‘There’s a multitude of benefits’: Kelowna’s tree planting program celebrates 10 years

Click to play video: 'NeighbourWoods program provides subsidized trees to City of Kelowna residents' NeighbourWoods program provides subsidized trees to City of Kelowna residents
WATCH ABOVE: Community reporter Shay Galor learns about the different trees available through the City of Kelowna’s annual NeighbourWoods program – Apr 2, 2019

The Kelowna NeighbourWoods program is celebrating 10 years of encouraging residents to plant trees, improve air quality and beautify the city.

“It [was] started by our Parks department and we offer trees at a subsidized rate for home owners within the City of Kelowna,” said urban forestry technician Tara Bergeson.

“Trees are available for purchase for $40 and our sale goes until April 7.”

There are six different types of trees available for purchase.

“We have a great assortment that suits any type of situation that you might have for your homes,” Bergeson said. “You want to be respectful if there are power lines nearby, the size of your yard and where in your yard, how much sun exposure it will get and what it’s water needs are.”

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There are two tree varieties that would suit a smaller environment.

“Our smaller options are the Carnival Hedge Maple and that will get about 10 feet tall,” Bergeson said. “The Japanese Tree Lilac is our next tallest tree and that one will get to be about 20 feet tall.”

Those looking for larger trees have several varieties to choose from, ranging from 30 to 80 feet.

“Our medium option is our Prairie Stature Oak which is a new one for us this year and a fantastic option,” Bergeson said. “It actually holds its leaves through the winter which provides you some visual protection and some wind breaks which you don’t often get with a deciduous tree.”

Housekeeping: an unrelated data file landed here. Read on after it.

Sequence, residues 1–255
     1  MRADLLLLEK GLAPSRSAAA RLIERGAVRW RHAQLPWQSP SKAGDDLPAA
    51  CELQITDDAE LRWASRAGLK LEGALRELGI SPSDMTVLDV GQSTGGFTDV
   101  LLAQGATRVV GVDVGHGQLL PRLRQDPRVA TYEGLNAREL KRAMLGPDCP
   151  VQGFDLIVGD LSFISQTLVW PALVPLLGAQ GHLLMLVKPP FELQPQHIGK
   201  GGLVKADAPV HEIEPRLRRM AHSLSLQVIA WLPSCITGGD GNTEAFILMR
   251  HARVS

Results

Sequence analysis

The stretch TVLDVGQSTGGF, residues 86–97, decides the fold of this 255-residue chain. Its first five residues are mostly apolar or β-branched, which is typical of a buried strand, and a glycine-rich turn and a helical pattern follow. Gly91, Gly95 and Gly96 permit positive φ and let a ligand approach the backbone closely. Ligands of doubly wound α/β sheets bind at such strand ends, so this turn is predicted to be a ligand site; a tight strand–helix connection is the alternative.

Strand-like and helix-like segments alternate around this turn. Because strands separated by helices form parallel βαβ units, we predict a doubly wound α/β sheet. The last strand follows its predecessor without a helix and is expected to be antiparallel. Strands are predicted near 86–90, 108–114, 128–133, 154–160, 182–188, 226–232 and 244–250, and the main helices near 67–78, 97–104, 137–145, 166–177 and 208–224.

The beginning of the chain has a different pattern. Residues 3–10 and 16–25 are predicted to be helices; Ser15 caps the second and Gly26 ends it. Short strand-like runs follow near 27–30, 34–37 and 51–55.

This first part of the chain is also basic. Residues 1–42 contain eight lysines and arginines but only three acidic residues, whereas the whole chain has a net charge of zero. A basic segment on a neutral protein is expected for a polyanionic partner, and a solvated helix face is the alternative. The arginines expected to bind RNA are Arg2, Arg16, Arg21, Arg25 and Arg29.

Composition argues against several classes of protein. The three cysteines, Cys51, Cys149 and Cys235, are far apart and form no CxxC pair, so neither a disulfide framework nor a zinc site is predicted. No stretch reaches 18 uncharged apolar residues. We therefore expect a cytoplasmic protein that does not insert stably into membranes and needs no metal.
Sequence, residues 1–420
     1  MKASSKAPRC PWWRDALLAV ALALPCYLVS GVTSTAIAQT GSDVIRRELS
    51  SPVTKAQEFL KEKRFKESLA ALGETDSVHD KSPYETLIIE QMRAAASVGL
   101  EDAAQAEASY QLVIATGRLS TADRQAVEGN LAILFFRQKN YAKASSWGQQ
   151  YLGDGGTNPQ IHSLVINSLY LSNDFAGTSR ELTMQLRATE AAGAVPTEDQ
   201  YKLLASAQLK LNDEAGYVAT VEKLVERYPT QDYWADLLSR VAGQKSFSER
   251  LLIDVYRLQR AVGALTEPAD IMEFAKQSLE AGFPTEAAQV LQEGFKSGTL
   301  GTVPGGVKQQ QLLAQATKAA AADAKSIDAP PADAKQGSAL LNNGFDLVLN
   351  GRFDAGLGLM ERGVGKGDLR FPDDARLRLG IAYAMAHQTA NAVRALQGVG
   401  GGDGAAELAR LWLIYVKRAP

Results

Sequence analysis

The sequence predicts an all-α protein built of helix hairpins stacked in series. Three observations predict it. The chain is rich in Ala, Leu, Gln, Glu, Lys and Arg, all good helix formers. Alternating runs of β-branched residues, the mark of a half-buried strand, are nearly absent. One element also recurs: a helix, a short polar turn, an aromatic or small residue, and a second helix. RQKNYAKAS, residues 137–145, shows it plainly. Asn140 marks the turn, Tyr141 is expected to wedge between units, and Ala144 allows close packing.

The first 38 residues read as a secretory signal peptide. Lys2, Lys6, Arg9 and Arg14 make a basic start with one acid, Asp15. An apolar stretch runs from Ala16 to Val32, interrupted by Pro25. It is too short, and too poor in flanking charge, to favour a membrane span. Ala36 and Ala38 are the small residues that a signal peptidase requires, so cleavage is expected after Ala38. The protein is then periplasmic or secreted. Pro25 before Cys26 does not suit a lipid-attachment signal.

The most popular tree historically is the Autumn Blaze Maple, which sells out every year.

New on the scene: the Redpointe Maple.

“It actually offers some protection against leaf burn which is a common issue in the Okanagan,” Bergeson said.

The City of Kelowna wants to boost the current tree canopy, which was sitting at about 13 per cent in 2007, to 20 per cent.

“There’s a multitude of benefits,” Bergeson said. “Some of the obvious ones are shade, air filtering — so it actually reduces pollution — water conservation, beautification and it can actually increase real estate value by up to 20 per cent.”

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The NeighbourWoods trees come with instructions on proper planting techniques.

“You can find our instructional videos online,” Bergeson said. “But a couple of the main things you want to look for is to make sure you have a hole that’s about twice as wide as the size of the pot of the tree that you’ve purchased.”

Another important tip is not to plant the tree too far into the ground.

“You want to make sure that you’re looking for the root collar which is where your first lateral roots will start and make sure that it’s at or just slightly above ground,” Bergeson said.

Since 2010, about 4,000 trees have been planted through the NeighbourWoods program.

Trees can be purchased online or by calling the city at 250-469-8800. Payment will also be accepted at the Parkinson Recreation Centre.

There are only 600 trees available this year and about two-thirds are already gone. The city expects to sell out by week’s end.

The NeighbourWoods tree pick up is scheduled for April 13 from 9 a.m. until 1 p.m. at the Mission Recreation Park Arboretum at 4105 Gordon Drive.

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